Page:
The material on this site is for financial institutions, professional investors and their professional advisers. It is for information only. Please read our Terms & Conditions, Privacy Policy and Cookies before using this site. Please see our Subscription Terms and Conditions.

All material subject to strictly enforced copyright laws. © 2022 Euromoney, a part of the Euromoney Institutional Investor PLC.

August 2009

all page content

all page content

Main body page content


  • "We are the Betty Ford clinic for financial institutions"
  • In May the agency announced that its new super-cautious approach would result in the shock downgrade of nearly 90% of all outstanding triple-A CMBS in the US. But the problem with talking the talk is that you need to walk the walk
  • Could the recent opening of Enron the play, to decent reviews, persuade some bright playwright to dramatize the financial crisis?
  • "You’re blue now, not green. Just remember that"
  • Bernie Madoff has 150 years’ imprisonment lined up. However, despite having his freedom taken away, Madoff is keen to influence one last decision. It is up to the Bureau of Prisons to pick out an appropriate facility for the fraudster but Madoff has hired a prison consultant, Herb Hoelter, to help him find a suitable place.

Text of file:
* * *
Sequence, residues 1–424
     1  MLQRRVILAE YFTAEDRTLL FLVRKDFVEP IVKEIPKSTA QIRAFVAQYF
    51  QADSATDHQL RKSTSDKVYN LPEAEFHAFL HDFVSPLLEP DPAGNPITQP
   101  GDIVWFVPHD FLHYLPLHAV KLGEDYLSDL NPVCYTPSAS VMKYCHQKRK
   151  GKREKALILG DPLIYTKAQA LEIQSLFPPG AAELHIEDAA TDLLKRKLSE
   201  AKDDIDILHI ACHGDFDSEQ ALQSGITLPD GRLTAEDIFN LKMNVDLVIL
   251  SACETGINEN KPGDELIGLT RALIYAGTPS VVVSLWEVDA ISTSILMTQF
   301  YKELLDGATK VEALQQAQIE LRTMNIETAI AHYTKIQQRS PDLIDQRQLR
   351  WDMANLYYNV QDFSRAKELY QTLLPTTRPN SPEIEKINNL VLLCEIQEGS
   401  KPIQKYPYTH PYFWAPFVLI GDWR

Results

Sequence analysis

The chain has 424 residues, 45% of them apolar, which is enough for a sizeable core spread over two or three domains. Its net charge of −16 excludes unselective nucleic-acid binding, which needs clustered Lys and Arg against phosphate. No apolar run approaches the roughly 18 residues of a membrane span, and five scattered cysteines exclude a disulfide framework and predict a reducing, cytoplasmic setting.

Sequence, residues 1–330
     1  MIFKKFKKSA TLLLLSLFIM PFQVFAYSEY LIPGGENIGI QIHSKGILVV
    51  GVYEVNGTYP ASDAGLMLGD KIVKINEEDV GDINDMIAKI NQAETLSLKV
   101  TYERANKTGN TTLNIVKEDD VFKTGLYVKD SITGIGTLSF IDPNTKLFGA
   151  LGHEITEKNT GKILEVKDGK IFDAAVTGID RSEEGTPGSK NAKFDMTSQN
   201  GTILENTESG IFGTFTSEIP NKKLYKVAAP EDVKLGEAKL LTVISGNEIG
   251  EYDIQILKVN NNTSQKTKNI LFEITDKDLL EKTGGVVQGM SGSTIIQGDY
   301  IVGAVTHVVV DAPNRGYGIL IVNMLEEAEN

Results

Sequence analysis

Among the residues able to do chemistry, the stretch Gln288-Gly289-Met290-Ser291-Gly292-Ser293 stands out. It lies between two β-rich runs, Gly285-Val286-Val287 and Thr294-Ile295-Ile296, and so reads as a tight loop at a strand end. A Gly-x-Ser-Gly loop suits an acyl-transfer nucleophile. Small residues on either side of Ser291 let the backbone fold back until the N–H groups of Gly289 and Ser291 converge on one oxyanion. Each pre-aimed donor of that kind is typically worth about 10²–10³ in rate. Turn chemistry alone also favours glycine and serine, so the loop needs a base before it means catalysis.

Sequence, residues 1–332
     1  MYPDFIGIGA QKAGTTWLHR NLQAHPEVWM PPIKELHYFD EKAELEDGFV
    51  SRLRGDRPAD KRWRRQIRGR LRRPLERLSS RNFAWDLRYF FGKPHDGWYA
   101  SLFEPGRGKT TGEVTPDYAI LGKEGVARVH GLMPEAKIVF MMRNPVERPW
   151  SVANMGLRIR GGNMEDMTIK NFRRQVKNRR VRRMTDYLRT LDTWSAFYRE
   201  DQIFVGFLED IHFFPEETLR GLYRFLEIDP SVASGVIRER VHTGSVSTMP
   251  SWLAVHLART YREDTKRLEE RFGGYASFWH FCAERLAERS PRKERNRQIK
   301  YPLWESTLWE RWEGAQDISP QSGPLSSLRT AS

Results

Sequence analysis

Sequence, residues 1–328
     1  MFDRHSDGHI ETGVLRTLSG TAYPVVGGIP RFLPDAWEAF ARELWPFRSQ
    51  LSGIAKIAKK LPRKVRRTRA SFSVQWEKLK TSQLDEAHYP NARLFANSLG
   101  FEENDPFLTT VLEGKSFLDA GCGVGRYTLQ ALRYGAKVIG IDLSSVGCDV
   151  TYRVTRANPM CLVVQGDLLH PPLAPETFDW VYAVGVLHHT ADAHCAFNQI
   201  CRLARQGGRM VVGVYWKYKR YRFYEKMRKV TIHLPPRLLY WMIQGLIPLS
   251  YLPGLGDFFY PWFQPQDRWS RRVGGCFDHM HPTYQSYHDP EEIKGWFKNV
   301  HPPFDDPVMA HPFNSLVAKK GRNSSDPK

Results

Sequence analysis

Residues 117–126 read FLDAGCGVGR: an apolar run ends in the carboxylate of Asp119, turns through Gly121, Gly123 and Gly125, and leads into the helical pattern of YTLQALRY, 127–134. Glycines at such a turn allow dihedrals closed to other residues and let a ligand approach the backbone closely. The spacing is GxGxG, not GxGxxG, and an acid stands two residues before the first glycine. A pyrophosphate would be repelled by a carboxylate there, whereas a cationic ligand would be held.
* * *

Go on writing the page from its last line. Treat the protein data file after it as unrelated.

• Barclays has already this summer demonstrated the emotional detachment required to make the toughest business decisions by selling its beloved asset management arm.
  • Recipients of the Cabinet email magazine, a weekly bulletin from the office of the Japanese prime minister, have long been used to the publication’s conversational, pared-down and occasionally even cryptic style, which has been suspiciously consistent despite the revolving-door policy operated in the office over the past two years. Yet the message dated July 23 that began with news of heavy rain in Yamaguchi prefecture found the magazine in unusually gloomy, introspective voice.
  • Euromoney’s annual survey invites investors to rate the quality of bank research on Middle Eastern equity and debt bearing in mind overall performance and accuracy. View the results now:
  • With the edge taken off over-exuberant growth in Middle East markets, good quality research is increasingly important. Individuals in both local and international firms are respected for providing this, the vital factor being that they are on the spot.
  • It’s not quite back to the good old days for interest rate derivatives, but banks have started to make money again. Total Derivatives and Euromoney polled the market to find out who is best. Mark Ramsden spoke to the professionals.
  • As banks boost their commodities businesses, better physical trading capacity is increasingly important. But developing physical trading capacity, and doing so in a wider range of commodities, is easier said than done. Dominic O’Neill reports.
  • Perhaps it’s not sufficiently dramatic for South Koreans to have the world’s craziest regime as their northern neighbour, with its twitchy nuclear finger. It seems they might need to be spooked some more – and what better bogeyman than the foreign-derived global financial crisis? Eric Ellis reports.